Alain Deneault is known for his take-no-prisoners approach to challenging corporations and political systems that undermine the public good (in particular, he is well known for being the target of lawsuits from large gold companies after publishing an investigative book raising issues in foreign mining operations).
Now he has turned his insightful lens to a subtler challenger: the mediocre. In Mediocracy: The Politics of the Extreme Centre (Between the Lines Books, Translated by Catherine Browne), he observes how helpless most have us become in a new, service- and tech-based economy. It's a chilling indictment and one that pushes back against what has become a common lifestyle for most, to challenge readers to recognize an insidious social risk.
We're excited to welcome Alain to Open Book to share his insights about mediocracy, talking about why he titled the book as he did in our Entitled interview series. He tells us about why he doesn't "believe in inspiration so much as expiration", discusses how our system of late stage capitalism contributes to the rise of mediocracy, and explains how "mediocracy" may sound like a clever portmanteau in English, but in French is a real word dating back to the 19th century.
Editor's Note: Alain Deneault's responses for this interview were translated from French to English by Catherine Browne. Open Book thanks Ms. Browne.
Tell us about the title of your newest book and how you came to it.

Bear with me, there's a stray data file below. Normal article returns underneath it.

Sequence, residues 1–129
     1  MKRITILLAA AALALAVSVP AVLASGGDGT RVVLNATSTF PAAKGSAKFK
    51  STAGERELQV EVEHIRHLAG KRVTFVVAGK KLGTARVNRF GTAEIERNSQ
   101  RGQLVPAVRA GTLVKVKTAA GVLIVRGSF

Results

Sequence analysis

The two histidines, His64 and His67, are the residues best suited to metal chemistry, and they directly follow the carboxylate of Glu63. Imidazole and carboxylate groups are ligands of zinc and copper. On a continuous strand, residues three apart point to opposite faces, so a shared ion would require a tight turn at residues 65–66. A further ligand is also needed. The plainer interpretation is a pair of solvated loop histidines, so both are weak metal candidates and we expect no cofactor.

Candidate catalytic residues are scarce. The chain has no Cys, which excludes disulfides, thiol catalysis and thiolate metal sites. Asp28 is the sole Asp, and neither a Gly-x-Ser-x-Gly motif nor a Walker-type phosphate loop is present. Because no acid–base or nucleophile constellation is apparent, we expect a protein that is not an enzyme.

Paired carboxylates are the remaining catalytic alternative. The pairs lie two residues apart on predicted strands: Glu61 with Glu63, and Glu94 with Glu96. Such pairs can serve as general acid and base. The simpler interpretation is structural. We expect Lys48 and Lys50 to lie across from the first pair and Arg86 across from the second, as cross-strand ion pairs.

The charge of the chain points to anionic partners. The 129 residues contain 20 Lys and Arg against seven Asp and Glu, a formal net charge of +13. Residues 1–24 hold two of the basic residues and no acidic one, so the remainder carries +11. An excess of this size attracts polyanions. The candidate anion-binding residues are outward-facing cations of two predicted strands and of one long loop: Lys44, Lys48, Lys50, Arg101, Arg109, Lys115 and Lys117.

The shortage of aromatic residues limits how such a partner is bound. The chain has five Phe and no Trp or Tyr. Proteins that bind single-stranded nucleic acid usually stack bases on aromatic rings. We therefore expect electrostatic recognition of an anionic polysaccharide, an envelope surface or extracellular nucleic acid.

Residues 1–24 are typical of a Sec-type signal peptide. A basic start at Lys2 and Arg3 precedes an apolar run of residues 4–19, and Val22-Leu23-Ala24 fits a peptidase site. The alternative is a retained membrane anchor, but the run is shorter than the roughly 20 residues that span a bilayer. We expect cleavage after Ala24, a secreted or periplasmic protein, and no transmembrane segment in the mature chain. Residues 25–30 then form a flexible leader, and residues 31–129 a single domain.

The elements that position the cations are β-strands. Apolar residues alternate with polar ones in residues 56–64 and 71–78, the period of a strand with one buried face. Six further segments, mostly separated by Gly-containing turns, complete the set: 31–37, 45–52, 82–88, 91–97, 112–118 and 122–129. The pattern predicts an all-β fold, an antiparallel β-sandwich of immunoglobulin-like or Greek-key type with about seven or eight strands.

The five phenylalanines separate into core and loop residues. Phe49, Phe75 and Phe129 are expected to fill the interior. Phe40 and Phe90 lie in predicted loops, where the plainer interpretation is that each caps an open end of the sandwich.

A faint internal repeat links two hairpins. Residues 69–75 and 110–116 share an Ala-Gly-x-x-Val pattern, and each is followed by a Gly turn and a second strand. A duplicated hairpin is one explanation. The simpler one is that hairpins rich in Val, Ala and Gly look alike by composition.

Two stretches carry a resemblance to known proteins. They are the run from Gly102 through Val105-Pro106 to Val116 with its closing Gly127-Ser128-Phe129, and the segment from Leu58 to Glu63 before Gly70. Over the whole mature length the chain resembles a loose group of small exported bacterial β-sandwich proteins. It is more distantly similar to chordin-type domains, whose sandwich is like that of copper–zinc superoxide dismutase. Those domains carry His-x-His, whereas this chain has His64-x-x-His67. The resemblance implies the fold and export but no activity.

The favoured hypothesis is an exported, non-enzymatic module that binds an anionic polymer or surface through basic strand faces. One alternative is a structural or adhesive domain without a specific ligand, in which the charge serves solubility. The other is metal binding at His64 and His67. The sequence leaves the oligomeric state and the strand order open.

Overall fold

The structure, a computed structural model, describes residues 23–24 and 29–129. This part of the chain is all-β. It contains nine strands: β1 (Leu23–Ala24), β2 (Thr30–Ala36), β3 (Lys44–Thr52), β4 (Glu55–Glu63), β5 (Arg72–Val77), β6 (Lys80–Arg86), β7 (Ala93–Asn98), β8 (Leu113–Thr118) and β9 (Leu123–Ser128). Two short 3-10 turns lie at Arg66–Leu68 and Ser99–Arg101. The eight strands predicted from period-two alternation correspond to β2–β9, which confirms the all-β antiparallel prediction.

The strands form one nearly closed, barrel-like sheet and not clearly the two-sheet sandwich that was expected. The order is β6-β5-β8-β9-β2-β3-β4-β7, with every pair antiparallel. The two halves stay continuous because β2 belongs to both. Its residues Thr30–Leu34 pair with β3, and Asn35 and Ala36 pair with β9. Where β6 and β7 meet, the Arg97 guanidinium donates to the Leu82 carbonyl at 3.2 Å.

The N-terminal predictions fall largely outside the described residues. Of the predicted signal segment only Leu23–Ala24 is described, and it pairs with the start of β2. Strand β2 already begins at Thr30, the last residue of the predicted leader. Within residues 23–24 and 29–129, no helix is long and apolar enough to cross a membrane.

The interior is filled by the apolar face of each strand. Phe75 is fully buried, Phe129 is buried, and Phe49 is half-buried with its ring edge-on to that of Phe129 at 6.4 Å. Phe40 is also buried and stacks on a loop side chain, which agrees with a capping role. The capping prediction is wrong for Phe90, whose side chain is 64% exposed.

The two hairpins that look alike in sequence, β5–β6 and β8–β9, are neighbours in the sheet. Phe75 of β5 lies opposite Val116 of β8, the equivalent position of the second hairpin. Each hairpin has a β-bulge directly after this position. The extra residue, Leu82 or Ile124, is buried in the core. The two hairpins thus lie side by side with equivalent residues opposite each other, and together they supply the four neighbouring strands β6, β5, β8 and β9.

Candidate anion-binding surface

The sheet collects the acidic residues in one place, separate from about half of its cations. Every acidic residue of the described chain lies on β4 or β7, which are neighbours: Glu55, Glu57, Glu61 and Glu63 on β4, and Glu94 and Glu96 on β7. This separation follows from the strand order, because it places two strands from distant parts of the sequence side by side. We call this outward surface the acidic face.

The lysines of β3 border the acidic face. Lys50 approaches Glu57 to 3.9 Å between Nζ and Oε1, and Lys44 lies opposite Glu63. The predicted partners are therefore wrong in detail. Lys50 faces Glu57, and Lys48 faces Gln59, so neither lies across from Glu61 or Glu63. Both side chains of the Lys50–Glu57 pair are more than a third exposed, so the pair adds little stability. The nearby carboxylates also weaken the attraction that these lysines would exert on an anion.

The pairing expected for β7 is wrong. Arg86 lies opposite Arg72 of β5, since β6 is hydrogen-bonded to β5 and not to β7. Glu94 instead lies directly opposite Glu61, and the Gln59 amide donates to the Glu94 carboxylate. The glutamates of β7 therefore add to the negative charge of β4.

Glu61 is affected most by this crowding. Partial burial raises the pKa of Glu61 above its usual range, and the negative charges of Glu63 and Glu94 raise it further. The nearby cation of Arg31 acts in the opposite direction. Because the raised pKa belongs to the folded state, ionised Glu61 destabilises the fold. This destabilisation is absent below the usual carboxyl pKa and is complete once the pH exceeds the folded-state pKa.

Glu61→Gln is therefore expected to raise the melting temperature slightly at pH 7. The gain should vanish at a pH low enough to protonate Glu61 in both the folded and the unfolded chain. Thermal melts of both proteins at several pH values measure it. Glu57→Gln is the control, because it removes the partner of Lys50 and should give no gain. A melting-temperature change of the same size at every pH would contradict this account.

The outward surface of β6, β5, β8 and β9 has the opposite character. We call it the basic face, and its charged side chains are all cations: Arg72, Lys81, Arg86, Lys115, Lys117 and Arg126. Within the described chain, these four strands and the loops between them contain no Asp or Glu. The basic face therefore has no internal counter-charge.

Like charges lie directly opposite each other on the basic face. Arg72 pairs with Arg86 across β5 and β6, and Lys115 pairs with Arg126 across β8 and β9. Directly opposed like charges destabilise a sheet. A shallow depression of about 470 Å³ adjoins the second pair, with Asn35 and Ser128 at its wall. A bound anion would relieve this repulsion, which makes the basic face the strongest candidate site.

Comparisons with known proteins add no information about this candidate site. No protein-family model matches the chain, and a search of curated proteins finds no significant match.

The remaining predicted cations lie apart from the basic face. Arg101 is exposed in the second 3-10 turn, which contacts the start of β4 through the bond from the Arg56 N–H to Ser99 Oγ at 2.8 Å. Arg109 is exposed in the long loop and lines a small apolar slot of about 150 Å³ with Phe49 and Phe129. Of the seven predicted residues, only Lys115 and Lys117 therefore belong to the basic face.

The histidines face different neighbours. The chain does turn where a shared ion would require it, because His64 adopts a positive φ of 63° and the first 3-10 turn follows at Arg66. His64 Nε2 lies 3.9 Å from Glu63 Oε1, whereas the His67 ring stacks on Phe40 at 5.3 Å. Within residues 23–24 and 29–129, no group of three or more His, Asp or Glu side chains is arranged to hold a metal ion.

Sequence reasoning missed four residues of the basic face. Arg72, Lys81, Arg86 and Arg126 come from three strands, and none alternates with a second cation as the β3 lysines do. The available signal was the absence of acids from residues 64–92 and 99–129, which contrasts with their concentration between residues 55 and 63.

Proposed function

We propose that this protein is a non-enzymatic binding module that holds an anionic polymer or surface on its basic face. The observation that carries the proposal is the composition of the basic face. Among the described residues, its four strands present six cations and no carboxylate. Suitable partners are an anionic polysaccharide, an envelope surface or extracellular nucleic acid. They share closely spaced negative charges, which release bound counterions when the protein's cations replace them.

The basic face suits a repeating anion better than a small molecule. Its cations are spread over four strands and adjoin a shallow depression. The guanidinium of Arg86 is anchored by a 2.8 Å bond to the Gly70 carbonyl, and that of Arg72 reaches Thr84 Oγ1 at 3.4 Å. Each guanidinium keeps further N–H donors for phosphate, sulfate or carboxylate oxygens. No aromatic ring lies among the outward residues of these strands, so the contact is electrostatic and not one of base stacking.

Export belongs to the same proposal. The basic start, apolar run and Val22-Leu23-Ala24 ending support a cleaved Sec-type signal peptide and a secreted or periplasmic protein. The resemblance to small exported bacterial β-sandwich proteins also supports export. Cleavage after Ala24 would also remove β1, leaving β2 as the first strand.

Mediocracy achieves what is to be expected of a title: a summing up not only of the book’s theme but also its tenor. The word mediocracy frees us from the moralistic attitude we might be expected to adopt in relation to “the mediocre”. Instead, we are invited to define the professional, academic, institutional, and political order that imposes mediocre behaviour on its subjects, whatever their true disposition may be. Mediocracy is not a race to the bottom, as is sometimes said, but a race to the average. Powerful organizations want to make sure that today’s subjects, in their way of thinking, the development of their vocabulary, their technical abilities, their intimate desires, and even the expression of their being, will comply with standards presented as average, normal, and natural. Expectations must be met, and these expectations are rigorously calibrated. There must be a certain propriety; you must know how to behave, master certain fundamentals, respond appropriately to guidelines and protocols—but you must not go any further. You must not have an intense, autonomous, or radical interest in critical, political, moral, or philosophical questions of any kind. Don’t step out of bounds. Worse yet, in the thought system defined by the idea of “governance,” which is profoundly different from political thinking, power expects today’s subjects to deduce, all by themselves, how to handle these rules. Mediocracy sums up the matter.
Where is the most unexpected place you've ever found inspiration for a title?